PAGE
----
"Don't touch the bricks!"
I'm taking pictures of my bracken fern filled front yard. The day-care toddlers are approaching on their rope.
"Stop at the corner! Don't go that way! Don't touch the car! Don't touch the trash cans, they're dirty! Don't touch the fence, you'll get a splinter!"
The grown-ups are shouting only negative things at these two and three-year-olds, out for their morning constitutional. The children all walk like anesthetized drones. I can hardly stand it. "How dare you keep these beautiful new humans from investigating their world!" is what I don't say. I run down the steps, and pick two of the most interesting looking things from my yard: the tops of some bunch grasses gone to seed. The children shuffle forward towards me. I glance at the grown-ups, not asking permission, but rather reaching past my frustration and letting my harmonious core self show.
"Here," I say to the first two children, "touch this." I hold out the seed stalks.
Tentatively, a couple kids reach out. Some need encouragement from their handlers. "Go ahead, Gabe, what does it feel like?" It's the first positive words I've heard spoken. None of the children speak. I give one stalk to the last little girl in line. She still has some fire in her eyes. I give the other stalk to the boy who wouldn't touch it. They walk on. "Don't touch the car. Come on, don't go that way, we're turning the corner now." The commands grow fainter.
Day Care is tough, I know. Our lives are completely over-saturated. We don't even have time for our children. How can we hope to build a sustainable world, to be members of the aeiosphere, if all we ever build are broken parts?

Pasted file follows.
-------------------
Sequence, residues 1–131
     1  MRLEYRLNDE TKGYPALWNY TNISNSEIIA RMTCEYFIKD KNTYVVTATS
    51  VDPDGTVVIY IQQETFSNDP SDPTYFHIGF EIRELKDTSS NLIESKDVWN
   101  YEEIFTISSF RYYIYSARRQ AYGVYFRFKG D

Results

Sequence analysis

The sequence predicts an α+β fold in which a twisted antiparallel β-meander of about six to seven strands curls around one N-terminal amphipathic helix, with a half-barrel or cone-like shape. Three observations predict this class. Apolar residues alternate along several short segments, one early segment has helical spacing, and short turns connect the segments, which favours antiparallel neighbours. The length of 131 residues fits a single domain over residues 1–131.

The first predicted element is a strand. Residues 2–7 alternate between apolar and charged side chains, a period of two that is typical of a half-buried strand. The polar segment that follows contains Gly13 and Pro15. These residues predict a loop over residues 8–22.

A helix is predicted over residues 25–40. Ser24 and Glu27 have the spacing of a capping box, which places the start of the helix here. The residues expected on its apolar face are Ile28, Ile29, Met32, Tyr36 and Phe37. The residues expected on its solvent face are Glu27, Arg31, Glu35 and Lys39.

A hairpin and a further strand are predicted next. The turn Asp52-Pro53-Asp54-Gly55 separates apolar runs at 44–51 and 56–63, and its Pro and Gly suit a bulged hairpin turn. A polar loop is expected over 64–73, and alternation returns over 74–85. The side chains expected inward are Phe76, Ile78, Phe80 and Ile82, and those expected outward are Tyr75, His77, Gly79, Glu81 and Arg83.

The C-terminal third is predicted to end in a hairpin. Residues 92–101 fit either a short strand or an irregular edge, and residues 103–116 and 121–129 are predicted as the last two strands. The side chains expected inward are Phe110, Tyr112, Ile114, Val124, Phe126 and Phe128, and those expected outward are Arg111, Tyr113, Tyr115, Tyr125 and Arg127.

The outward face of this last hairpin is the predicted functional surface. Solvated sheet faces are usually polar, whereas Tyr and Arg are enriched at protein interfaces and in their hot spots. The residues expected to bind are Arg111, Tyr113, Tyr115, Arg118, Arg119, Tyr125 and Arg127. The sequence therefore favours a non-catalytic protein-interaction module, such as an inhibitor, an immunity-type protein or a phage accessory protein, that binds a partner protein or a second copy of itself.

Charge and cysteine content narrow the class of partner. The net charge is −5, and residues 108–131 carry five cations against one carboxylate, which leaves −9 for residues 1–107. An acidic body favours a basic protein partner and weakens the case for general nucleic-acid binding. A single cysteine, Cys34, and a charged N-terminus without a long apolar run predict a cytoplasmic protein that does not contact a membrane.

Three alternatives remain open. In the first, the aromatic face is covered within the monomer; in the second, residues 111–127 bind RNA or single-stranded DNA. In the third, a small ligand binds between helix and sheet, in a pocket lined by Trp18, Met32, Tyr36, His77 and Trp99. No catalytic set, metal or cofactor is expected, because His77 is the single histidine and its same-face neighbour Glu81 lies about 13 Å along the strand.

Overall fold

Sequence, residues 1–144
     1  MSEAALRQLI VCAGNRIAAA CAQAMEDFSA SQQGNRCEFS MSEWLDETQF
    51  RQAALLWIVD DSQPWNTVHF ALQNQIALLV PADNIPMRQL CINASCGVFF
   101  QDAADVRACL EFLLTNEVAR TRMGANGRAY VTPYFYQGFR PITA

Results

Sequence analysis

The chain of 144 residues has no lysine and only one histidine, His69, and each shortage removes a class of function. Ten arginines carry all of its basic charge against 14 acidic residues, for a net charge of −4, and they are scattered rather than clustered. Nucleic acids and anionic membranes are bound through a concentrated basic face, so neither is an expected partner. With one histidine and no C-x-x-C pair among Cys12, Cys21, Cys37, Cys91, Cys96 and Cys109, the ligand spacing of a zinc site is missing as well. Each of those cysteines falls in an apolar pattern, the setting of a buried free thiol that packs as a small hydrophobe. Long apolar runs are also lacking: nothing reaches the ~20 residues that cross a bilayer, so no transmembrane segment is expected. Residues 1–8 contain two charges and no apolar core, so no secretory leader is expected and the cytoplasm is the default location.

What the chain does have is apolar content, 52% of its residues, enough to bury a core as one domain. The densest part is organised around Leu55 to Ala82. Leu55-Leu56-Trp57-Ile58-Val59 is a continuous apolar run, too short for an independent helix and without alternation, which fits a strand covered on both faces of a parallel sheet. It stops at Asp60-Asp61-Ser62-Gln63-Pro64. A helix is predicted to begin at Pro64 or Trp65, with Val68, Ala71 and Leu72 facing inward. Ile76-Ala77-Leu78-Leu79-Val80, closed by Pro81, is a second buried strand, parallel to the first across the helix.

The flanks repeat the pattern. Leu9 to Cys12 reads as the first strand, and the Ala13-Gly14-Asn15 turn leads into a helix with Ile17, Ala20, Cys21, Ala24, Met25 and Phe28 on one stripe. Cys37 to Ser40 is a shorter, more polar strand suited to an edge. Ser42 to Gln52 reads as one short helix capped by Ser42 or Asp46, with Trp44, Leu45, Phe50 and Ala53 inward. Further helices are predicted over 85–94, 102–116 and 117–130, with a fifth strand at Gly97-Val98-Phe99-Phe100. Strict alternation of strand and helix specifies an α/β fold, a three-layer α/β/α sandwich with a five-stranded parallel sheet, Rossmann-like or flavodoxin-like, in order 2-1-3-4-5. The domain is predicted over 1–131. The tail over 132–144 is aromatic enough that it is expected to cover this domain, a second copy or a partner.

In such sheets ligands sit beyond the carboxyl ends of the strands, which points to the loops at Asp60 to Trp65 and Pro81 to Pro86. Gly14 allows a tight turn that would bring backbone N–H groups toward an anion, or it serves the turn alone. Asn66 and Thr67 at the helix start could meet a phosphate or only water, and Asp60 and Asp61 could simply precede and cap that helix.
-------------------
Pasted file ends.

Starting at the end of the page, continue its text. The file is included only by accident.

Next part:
Having a stay-at-home parent is a choice that some couples will reject as impossible. It's not impossible... but the consequences of making that choice might be inconceivable. If you must have someone else care for your child, then watch your small person for changes in behavior. Drive up to the Day Care provider and listen for laughter. See if any kids have gotten into some sort of mess (with safe stuff, but messy nonetheless) and see if the care providers lovingly clean up the child.
Even, spend one of your precious PTO days and shadow the children. Get permission to be on-site for a day. If something doesn't feel right, question it. If you don't like the answer, then get your child out of there! Find a home-school group, a play group, even think about getting involved in some sort of parenting/life cycle co-housing group! The children coming in to the world right now are the people who will be creating the solutions for the problems we are making. Give them every opportunity to experiment, to learn, to discover, to be wide-eyed to the world.
It is messy, and scary sometimes. Sometimes your small person will get hurt. But your job isn't really to protect them from everything. Your job is to teach them how to be fully human, and to be messy and wonderful at the same time.